Current Maturities of Long-Term Borrowings, often referred to as current portion of long-term debt or short-term debt, represents the portion of long-term loans or liabilities that are due for repayment within the next year. It is a line item on the balance sheet and is classified as a current liability.
Current Maturities of Long-Term Borrowings refers to the portion of long-term debt that is expected to be paid off within the next 12 months.
It includes any portion of a long-term borrowing arrangement, such as a loan or bond, that is scheduled for repayment in the upcoming year.
It is classified as a current liability on the balance sheet because it represents a financial obligation that the company expects to settle in the short term.
For example, if a company has a long-term loan of $100,000, and $20,000 of that loan is due for repayment within the next year, then the Current Maturities of Long-Term Borrowings would be recorded as $20,000 on the balance sheet.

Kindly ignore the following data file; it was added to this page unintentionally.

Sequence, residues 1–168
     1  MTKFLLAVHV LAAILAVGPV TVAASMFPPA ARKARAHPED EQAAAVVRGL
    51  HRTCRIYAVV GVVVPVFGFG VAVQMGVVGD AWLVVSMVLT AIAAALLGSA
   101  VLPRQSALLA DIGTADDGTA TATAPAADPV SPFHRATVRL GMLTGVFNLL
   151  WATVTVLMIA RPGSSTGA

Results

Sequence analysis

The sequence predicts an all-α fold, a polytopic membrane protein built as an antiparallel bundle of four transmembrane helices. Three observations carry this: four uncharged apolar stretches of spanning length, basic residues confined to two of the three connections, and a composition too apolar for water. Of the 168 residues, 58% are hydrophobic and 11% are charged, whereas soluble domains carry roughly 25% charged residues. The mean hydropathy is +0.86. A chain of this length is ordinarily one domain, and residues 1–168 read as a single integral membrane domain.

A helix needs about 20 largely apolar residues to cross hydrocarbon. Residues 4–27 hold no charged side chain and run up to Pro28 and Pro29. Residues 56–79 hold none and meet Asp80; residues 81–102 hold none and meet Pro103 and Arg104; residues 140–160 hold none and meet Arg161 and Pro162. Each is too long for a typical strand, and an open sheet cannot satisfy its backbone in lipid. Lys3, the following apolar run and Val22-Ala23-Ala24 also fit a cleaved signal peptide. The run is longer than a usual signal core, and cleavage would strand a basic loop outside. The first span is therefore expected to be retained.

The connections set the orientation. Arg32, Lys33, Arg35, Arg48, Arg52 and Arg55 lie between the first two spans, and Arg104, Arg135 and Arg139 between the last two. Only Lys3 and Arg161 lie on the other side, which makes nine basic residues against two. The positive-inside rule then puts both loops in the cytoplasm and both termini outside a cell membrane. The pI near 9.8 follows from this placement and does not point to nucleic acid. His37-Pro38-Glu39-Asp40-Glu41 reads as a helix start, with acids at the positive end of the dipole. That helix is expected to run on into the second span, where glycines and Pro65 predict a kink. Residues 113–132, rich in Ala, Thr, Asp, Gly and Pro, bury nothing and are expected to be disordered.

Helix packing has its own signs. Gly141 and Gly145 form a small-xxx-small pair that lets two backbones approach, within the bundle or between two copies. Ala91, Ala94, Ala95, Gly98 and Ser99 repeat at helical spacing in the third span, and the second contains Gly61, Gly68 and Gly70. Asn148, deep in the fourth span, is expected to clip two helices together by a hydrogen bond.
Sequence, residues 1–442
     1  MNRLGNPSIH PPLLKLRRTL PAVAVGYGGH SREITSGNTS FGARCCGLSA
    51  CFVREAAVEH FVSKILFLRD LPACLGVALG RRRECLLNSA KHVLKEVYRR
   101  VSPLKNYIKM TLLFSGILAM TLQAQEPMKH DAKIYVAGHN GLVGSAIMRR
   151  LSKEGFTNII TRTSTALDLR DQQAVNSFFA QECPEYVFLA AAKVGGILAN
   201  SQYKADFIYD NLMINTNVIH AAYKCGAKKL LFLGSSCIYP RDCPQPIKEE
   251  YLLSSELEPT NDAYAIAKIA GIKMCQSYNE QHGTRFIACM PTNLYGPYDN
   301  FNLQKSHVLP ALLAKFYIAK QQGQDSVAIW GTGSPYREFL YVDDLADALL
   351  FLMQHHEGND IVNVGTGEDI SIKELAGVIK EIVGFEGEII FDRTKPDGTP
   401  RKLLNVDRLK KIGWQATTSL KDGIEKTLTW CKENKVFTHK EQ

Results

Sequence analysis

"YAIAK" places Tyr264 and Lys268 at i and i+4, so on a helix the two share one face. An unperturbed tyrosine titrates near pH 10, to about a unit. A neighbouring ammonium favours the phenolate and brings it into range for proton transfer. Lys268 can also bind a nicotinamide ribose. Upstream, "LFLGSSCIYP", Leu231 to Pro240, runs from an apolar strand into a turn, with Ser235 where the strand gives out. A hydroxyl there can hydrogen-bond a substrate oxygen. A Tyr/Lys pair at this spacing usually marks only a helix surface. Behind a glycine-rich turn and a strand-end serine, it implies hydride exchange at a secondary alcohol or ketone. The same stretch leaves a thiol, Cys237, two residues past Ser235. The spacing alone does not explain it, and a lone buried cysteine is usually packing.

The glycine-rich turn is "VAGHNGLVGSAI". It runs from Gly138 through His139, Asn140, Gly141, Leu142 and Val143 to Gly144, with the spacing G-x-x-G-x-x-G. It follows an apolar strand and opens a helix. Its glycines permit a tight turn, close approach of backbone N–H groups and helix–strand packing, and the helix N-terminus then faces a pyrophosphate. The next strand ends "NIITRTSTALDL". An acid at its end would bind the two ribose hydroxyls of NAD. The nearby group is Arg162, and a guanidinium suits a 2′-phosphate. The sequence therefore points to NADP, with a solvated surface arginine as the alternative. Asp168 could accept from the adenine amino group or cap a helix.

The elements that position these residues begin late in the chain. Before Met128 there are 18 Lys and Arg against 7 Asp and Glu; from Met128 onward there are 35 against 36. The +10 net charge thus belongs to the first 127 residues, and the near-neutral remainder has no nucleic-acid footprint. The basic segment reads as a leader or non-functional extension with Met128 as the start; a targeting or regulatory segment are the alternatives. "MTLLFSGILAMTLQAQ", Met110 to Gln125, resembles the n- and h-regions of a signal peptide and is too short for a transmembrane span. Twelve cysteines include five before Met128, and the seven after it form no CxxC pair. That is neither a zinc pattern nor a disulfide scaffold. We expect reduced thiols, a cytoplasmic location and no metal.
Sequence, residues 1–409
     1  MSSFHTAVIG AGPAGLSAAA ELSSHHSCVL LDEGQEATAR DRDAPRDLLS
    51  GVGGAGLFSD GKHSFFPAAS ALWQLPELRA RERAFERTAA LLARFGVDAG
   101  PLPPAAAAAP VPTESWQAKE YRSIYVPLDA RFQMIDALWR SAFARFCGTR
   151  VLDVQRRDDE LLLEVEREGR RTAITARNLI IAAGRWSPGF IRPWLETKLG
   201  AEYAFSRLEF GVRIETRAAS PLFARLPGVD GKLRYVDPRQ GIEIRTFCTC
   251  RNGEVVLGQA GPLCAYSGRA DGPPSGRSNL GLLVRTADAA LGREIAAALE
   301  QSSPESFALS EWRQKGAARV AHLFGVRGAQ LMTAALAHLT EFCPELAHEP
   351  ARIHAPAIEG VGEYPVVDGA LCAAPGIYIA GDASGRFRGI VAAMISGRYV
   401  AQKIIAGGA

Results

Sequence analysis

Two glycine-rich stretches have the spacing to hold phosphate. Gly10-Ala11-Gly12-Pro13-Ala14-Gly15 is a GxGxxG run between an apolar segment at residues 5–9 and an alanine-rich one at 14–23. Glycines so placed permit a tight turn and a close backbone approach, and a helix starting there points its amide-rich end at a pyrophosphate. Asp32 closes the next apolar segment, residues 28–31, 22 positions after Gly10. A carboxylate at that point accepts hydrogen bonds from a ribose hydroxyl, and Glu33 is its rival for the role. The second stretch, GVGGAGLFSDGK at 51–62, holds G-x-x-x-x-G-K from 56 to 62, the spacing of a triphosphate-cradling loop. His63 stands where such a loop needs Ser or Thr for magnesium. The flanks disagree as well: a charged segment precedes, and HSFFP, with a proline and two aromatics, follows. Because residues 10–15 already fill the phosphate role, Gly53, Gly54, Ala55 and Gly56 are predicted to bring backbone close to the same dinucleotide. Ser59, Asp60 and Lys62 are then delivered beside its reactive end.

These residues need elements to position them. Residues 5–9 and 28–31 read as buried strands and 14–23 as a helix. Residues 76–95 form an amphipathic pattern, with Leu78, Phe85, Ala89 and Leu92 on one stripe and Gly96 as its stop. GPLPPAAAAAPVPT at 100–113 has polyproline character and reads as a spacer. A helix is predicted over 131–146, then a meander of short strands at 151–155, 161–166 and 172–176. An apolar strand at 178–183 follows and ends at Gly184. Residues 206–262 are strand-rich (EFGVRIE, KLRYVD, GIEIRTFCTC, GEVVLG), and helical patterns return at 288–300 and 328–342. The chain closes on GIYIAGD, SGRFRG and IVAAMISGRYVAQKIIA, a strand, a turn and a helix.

Impact on Financial Statements:
- On the balance sheet, Current Maturities of Long-Term Borrowings is listed under current liabilities, reducing the company’s working capital (current assets minus current liabilities).
- On the income statement, interest expenses related to the long-term debt may be recorded as an expense.
Renewal or Refinancing:
If the company plans to renew or refinance the debt after the current portion matures, it would still be classified as current if the intent to refinance is not in place before the balance sheet date.
Importance for Financial Planning:
Tracking current maturities of long-term debt is crucial for financial planning. It ensures that the company has sufficient liquidity to meet its short-term obligations.
Impact on Creditworthiness:
Lenders and creditors may assess the ratio of current maturities of long-term debt to current assets to evaluate a company’s ability to meet its short-term obligations. A high ratio may signal financial stress.
Disclosure and Transparency:
Companies are required to disclose the details of their long-term borrowings, including the current portion, in their financial statements. This provides transparency to stakeholders.
It is the responsibility of management to accurately assess and report the current maturities of long-term borrowings. Any uncertainties or potential refinancing arrangements should be disclosed.